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ANZMOSS - ANZGOSA 2020 Virtual Conference
ANZMOSS – ANZGOSA 2020 Virtual Conference
ANZMOSS - ANZGOSA 2020 Virtual Conference
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A new treatment paradigm: should bariatric surgery be offered for hepatocellular adenomas in obese patients? Literature review

Description
BACKGROUND
Obesity and metabolic syndrome are increasingly recognised as risk factors for development of hepatocellular adenoma (HCA). The implications of weight loss on HCA regression has not been previously reviewed. 
 
AIM
To analyse the effects of surgical and non-surgical weight loss on HCA.
 
METHODS
Literature review of full-text articles from PubMed and Scopus, on patients with HCA who underwent surgical or non-surgical weight loss was performed. Only English language articles were included and editorial comments were excluded. Wilcoxon signed-ranks test was used for paired data analysis. Spearman correlation was used for correlation between % excess weight loss (%EWL), number and size of HCA lesions. 
 
RESULTS
Out of four studies, seven patients were included in this review, all of whom were female. The median pre-intervention body mass index (BMI) was 41 kg/m2[39, 47], compared to the post-intervention BMI of 28 kg/m2 [26, 32] (p-value = 0.002).  %EWL following intervention positively correlated to reduction in number of HCA lesions (%) post-intervention, with a spearman correlation of 0.78 (p-value 0.04). Similarly, %EWL post-intervention was positively correlated, though not statistically significant, to reduction in lesion size (%), with a spearman correlation of 0.46 (p-value 0.29). All patients who were candidates for liver resection pre-intervention based on lesion size >5cm, avoided liver resection post-intervention following surgical and non-surgical weight loss.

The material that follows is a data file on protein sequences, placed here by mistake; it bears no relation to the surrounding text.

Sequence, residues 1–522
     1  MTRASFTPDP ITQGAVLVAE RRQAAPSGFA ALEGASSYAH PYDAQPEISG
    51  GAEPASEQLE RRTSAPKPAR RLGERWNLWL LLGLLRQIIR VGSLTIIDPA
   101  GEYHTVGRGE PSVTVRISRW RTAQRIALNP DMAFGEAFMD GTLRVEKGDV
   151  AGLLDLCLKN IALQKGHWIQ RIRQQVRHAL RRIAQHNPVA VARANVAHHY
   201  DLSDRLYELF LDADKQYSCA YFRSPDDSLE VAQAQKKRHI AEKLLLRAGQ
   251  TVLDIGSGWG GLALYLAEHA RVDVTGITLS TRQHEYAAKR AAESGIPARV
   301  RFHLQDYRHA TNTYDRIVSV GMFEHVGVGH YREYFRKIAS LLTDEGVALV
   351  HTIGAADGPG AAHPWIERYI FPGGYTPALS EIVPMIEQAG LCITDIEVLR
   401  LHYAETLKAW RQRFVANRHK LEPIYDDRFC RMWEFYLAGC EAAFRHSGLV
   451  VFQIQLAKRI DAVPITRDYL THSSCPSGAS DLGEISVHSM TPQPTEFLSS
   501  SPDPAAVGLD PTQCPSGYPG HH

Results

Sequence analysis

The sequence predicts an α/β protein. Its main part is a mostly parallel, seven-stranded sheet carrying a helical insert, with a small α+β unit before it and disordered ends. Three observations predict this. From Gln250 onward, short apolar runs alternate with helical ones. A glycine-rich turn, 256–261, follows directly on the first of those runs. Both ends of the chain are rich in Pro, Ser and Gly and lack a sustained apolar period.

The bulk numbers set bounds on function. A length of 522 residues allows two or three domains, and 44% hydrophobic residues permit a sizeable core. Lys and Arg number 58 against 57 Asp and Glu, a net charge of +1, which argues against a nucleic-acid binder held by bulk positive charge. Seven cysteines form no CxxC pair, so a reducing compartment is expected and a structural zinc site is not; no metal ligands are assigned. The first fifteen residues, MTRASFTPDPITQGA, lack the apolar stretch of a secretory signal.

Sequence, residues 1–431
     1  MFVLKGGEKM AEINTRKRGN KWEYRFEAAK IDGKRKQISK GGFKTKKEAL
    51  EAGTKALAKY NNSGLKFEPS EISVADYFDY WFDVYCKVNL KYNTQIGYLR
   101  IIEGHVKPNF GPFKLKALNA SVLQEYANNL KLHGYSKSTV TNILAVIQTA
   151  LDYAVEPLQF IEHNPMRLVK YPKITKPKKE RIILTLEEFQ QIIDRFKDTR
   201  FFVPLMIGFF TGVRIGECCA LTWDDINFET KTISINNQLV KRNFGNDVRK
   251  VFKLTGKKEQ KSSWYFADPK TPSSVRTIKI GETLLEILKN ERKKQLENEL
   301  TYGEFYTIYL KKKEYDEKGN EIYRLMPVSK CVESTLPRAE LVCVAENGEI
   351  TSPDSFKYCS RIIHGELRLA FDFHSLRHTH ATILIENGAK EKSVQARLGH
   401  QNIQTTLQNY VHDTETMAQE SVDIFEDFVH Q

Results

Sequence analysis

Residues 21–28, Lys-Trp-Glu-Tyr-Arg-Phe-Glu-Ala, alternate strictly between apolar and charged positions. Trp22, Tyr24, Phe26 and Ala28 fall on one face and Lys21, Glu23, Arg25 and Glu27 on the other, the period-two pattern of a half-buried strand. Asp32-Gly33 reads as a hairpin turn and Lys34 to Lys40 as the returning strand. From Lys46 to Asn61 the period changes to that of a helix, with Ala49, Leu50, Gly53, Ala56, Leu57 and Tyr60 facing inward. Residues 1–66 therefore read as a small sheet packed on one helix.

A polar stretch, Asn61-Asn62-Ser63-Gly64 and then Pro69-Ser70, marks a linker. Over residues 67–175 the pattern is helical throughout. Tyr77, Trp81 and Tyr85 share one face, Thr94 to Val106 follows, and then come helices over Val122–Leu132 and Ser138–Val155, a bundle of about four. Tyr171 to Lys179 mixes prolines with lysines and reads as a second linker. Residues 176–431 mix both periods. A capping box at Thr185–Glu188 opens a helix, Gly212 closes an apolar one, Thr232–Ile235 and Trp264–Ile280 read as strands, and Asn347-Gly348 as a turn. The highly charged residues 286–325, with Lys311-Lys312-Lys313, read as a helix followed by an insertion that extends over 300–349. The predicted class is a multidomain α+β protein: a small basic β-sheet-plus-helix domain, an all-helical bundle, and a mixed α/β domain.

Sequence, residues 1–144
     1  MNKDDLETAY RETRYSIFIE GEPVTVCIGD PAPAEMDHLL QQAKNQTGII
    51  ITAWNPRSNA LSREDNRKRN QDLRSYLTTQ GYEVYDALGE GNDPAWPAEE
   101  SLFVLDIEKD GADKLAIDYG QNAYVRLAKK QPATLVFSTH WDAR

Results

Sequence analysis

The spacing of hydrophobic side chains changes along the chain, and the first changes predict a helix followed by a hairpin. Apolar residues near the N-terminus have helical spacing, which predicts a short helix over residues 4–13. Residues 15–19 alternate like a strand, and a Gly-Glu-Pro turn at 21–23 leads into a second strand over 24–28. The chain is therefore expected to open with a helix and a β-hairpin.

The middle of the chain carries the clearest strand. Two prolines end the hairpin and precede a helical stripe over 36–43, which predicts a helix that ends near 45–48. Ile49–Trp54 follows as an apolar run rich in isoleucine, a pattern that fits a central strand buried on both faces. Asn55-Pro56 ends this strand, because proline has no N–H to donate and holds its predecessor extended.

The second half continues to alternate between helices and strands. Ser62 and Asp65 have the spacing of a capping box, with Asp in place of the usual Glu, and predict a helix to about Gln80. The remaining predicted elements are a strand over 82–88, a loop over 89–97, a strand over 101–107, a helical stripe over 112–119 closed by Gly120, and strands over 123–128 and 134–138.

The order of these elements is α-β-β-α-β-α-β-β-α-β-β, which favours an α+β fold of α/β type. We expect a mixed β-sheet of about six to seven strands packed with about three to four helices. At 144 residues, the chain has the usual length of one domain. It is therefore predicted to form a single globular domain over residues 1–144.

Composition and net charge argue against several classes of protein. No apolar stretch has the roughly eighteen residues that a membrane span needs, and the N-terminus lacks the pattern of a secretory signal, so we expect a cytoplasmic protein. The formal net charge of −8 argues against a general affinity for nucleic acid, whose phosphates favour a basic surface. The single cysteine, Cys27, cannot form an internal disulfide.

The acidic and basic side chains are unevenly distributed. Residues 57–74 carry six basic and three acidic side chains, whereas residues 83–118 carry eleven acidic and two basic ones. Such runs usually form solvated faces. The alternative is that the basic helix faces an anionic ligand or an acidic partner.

CONCLUSION
Effective long-term weight loss by surgical and non-surgical methods result in regression of HCAs. Weight loss could avoid major liver resections or decrease the morbidity associated with liver surgery. Bariatric surgery should be considered as an option for management of surgically challenging HCAs in carefully selected obese patients. Multicentre long-term trials, whilst adjusting for cofounding factors, are required to determine the effects of surgical compared to non-surgical weight loss on maintenance of HCA regression. 
Authors
Adrian Fox - Hepatobiliary Surgery, Eastern Health, 8 Arnold street, Box Hill, Victoria 3128, Australia; Monash University Eastern Health Clinical School, 5 Arnold street, Box Hill, Victoria 3128, Australia, Salena Ward - Bariatric Surgery, Eastern Health, 8 Arnold street, Box Hill, Victoria 3128, Australia; Monash University Eastern Health Clinical School, 5 Arnold street, Box Hill, Victoria 3128, Australia, King Tung Cheung - Bariatric Surgery, Eastern Health, 8 Arnold street, Box Hill, Victoria 3128, Australia, Chathri Ratnayake - General Medicine, Eastern Health, 8 Arnold street, Box Hill, Victoria 3128, Australia, and Janindu Goonawardena - Bariatric Surgery, Eastern Health, 8 Arnold street, Box Hill, Victoria 3128, Australia